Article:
Mayor Cites New Report at the Fort Worth State of Entrepreneurship: Startups Created Nearly 30K Jobs

Mayor Mattie Parker, whose catchphrase is "Go Time," says she coined the term for a reason. Fort Worth is at a pinnacle of possibility, and entrepreneurship is at the center of that.

The data speaks for itself, Parker said: A new jobs report from Sparkyard shows startups play a significant role in job creation in Fort Worth and Tarrant County—with average salaries more than twice the minimum wage.

For founders and their employees, a startup is a chance to forge something new and grow it into a successful enterprise. For a city, startups can have even more impact—sparking a ripple effect of job creation that can fuel a region’s growth.

Fort Worth Mayor Mattie Parker celebrated that message last week in her address at the State of Entrepreneurship in Fort Worth event, part of Global Entrepreneurship Week.Fort Worth State of Entrepreneurship logo

“As a mayor, it’s not often you get the opportunity to rub elbows with people like you that are really making it happen every day,” Parker told an audience full of founders, investors, and business leaders from North Texas. “I promise you I’m talking about entrepreneurship and the future of Fort Worth every single day for whoever will listen. Because I understand firsthand this will set Fort Worth apart for future generations.”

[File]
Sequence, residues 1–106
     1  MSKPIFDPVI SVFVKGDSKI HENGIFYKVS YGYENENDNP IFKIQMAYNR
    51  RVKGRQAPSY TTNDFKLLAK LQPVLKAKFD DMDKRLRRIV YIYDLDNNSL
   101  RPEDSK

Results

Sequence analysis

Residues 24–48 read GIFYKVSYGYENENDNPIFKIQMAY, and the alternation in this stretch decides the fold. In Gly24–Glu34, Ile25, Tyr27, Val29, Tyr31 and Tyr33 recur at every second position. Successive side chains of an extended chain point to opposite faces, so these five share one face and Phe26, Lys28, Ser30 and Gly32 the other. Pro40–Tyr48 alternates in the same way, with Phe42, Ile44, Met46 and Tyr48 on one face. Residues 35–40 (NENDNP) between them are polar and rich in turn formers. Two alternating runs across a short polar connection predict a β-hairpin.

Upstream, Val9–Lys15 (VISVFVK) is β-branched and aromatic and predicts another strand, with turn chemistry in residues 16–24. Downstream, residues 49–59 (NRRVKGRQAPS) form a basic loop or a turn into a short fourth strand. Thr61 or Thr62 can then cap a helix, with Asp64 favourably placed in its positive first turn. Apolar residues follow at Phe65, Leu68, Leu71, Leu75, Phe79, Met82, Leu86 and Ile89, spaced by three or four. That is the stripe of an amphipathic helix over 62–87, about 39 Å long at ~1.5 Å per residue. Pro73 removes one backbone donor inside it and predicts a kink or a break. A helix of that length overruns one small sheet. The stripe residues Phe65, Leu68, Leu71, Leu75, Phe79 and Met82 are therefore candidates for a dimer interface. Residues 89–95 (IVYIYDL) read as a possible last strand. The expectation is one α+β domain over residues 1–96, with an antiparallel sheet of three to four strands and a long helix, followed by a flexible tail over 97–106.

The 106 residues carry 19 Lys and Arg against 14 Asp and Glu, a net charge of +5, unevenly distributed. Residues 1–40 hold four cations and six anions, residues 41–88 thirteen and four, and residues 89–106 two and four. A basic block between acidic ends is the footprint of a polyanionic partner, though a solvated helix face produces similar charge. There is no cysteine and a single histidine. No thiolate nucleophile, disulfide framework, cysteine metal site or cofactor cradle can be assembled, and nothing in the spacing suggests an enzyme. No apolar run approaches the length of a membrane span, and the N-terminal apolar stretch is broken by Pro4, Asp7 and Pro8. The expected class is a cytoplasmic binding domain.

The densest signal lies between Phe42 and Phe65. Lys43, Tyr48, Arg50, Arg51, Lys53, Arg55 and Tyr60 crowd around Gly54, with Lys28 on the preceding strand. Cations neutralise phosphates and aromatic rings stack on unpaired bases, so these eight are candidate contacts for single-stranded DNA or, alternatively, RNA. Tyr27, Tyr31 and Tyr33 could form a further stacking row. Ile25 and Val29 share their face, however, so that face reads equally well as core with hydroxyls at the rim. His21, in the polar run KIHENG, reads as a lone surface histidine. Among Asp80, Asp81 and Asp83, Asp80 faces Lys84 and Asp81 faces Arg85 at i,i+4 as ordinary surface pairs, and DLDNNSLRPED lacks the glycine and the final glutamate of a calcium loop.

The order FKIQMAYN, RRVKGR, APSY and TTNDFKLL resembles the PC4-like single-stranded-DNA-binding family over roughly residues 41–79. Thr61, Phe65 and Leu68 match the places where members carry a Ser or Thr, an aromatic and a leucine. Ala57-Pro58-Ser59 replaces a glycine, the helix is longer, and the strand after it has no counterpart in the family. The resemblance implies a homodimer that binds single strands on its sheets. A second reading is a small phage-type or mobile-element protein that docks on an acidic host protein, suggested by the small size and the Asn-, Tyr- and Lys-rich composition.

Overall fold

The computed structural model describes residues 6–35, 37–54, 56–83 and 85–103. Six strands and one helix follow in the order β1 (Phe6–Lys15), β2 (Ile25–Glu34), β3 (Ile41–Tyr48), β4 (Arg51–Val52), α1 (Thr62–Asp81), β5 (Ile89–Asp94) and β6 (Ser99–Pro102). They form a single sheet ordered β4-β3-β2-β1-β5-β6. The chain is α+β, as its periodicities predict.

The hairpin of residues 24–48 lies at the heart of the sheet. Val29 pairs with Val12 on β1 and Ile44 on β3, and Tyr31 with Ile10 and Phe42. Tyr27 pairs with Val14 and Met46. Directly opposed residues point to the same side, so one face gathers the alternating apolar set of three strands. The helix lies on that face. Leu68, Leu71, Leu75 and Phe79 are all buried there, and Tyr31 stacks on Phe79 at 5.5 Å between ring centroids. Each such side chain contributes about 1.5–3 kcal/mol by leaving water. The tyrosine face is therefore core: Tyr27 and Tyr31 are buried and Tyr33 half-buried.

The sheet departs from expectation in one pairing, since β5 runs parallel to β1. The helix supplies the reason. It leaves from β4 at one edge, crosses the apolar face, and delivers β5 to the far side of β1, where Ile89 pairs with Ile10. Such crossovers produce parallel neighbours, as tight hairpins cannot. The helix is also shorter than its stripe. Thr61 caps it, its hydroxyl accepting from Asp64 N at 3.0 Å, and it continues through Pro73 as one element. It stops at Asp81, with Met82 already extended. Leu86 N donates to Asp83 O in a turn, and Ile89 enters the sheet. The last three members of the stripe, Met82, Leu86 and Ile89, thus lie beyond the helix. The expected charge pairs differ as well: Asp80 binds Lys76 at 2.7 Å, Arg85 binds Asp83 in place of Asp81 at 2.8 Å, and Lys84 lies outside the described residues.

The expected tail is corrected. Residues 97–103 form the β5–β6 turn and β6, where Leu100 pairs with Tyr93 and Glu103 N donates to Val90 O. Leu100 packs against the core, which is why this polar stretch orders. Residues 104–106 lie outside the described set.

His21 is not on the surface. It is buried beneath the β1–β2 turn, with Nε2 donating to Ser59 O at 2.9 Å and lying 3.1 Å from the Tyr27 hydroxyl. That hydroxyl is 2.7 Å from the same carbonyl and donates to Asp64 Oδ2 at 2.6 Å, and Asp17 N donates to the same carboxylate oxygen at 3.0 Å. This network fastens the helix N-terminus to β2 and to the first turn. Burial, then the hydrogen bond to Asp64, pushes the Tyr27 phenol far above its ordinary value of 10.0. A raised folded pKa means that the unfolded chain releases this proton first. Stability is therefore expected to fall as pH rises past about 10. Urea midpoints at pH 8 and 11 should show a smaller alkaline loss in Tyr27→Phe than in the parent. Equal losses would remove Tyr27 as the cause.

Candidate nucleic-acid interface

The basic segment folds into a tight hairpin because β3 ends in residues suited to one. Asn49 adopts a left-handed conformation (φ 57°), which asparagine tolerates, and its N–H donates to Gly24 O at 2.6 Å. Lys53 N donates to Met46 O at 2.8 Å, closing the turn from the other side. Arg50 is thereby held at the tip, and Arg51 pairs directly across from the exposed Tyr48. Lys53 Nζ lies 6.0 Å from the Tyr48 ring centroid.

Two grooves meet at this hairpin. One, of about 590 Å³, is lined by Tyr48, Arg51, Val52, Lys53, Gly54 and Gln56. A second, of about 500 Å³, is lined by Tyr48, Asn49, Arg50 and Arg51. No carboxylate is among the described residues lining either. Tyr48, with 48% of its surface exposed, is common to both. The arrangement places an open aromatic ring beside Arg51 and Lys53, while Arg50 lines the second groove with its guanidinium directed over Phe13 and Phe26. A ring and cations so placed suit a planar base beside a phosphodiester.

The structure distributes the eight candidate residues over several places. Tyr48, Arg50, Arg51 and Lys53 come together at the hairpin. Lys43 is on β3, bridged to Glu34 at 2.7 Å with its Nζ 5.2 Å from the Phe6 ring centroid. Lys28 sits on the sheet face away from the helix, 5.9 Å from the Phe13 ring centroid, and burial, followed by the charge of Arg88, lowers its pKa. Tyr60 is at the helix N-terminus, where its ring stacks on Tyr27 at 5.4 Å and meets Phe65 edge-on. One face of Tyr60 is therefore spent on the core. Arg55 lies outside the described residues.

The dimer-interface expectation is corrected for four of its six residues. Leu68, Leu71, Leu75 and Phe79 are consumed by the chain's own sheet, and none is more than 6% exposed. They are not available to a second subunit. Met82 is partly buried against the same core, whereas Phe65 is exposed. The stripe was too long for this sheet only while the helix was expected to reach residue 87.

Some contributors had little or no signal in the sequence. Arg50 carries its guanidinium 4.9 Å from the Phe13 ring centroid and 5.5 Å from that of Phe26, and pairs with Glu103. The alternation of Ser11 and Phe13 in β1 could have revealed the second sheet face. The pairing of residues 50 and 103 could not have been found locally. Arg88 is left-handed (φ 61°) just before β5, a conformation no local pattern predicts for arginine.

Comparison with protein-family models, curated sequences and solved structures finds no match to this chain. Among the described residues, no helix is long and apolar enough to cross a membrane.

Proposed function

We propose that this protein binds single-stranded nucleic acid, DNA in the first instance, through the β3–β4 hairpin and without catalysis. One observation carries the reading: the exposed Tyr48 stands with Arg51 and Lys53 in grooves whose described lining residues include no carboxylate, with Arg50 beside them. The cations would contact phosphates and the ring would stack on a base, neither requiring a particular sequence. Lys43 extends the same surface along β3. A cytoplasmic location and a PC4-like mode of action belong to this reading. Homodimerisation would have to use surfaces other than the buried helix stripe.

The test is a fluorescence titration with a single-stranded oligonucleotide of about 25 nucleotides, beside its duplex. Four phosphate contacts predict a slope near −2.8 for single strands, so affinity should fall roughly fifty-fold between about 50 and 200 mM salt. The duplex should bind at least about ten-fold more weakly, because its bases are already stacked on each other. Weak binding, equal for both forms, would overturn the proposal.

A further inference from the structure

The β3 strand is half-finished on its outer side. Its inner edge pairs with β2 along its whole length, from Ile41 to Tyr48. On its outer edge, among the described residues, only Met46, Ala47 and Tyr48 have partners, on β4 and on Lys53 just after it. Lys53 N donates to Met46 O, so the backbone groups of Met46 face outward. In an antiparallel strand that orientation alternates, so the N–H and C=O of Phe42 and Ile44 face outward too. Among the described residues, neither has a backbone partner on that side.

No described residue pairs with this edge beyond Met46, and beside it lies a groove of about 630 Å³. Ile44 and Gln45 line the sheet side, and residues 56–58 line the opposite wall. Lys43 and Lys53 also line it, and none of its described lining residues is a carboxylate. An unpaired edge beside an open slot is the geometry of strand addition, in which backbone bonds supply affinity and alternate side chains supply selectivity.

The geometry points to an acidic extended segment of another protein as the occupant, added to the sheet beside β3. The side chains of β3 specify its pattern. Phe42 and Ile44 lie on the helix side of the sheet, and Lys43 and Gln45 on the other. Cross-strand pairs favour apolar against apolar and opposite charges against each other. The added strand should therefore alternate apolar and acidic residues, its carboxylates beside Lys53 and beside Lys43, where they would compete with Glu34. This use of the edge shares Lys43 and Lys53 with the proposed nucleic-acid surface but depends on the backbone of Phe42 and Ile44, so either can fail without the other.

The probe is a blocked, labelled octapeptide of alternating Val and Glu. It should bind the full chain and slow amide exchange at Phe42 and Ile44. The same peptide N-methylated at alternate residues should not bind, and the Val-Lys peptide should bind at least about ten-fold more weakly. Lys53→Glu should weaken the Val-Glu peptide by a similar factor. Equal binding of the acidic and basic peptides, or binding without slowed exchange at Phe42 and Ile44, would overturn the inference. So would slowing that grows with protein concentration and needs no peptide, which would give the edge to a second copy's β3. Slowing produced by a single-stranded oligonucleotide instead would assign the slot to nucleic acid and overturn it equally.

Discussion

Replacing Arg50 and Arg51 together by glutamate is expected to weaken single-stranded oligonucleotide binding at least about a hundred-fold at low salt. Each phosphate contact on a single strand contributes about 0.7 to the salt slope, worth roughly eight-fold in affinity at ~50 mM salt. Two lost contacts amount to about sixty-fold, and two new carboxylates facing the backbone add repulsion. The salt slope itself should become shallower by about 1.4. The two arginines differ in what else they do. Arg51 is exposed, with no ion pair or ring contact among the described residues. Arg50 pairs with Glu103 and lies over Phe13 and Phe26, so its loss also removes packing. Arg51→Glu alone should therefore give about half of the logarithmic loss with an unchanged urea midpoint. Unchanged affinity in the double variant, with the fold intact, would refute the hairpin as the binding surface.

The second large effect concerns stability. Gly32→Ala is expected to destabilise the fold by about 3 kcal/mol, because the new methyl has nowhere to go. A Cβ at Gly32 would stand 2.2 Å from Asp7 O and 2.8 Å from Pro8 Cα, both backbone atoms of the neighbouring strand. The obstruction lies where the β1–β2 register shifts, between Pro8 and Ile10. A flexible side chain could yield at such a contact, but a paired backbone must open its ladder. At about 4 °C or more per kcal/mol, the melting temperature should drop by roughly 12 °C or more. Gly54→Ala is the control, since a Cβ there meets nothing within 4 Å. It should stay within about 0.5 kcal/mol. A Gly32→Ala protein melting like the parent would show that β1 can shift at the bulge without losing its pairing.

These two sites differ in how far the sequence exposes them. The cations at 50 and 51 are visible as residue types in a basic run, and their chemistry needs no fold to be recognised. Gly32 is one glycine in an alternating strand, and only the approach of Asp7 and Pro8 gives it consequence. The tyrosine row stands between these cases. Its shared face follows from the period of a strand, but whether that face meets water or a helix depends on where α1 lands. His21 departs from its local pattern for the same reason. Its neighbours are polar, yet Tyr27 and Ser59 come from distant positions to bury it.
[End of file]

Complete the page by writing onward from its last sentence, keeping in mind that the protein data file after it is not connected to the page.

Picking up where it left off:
“I spent a lot of time talking about entrepreneurship on the campaign trail,” she added. “And it wasn’t because it was a novel idea I had come up with—

Sparkyard Fall 2021 Jobs Report

The data Parker referred to is in the new Sparkyard Fall 2021 Jobs Report, commissioned by the University of North Texas Health Science Center (HSC) and timed for release during the State of Entrepreneurship event. 

The report shows that startups less than a year old created nearly 30,000 jobs in Tarrant County in 2019. The new firms helped the county keep pace in job creation compared to neighboring counties and other large counties across Texas. The newly created jobs paid an average of almost $37,000 a year in wages—more than twice the minimum wage.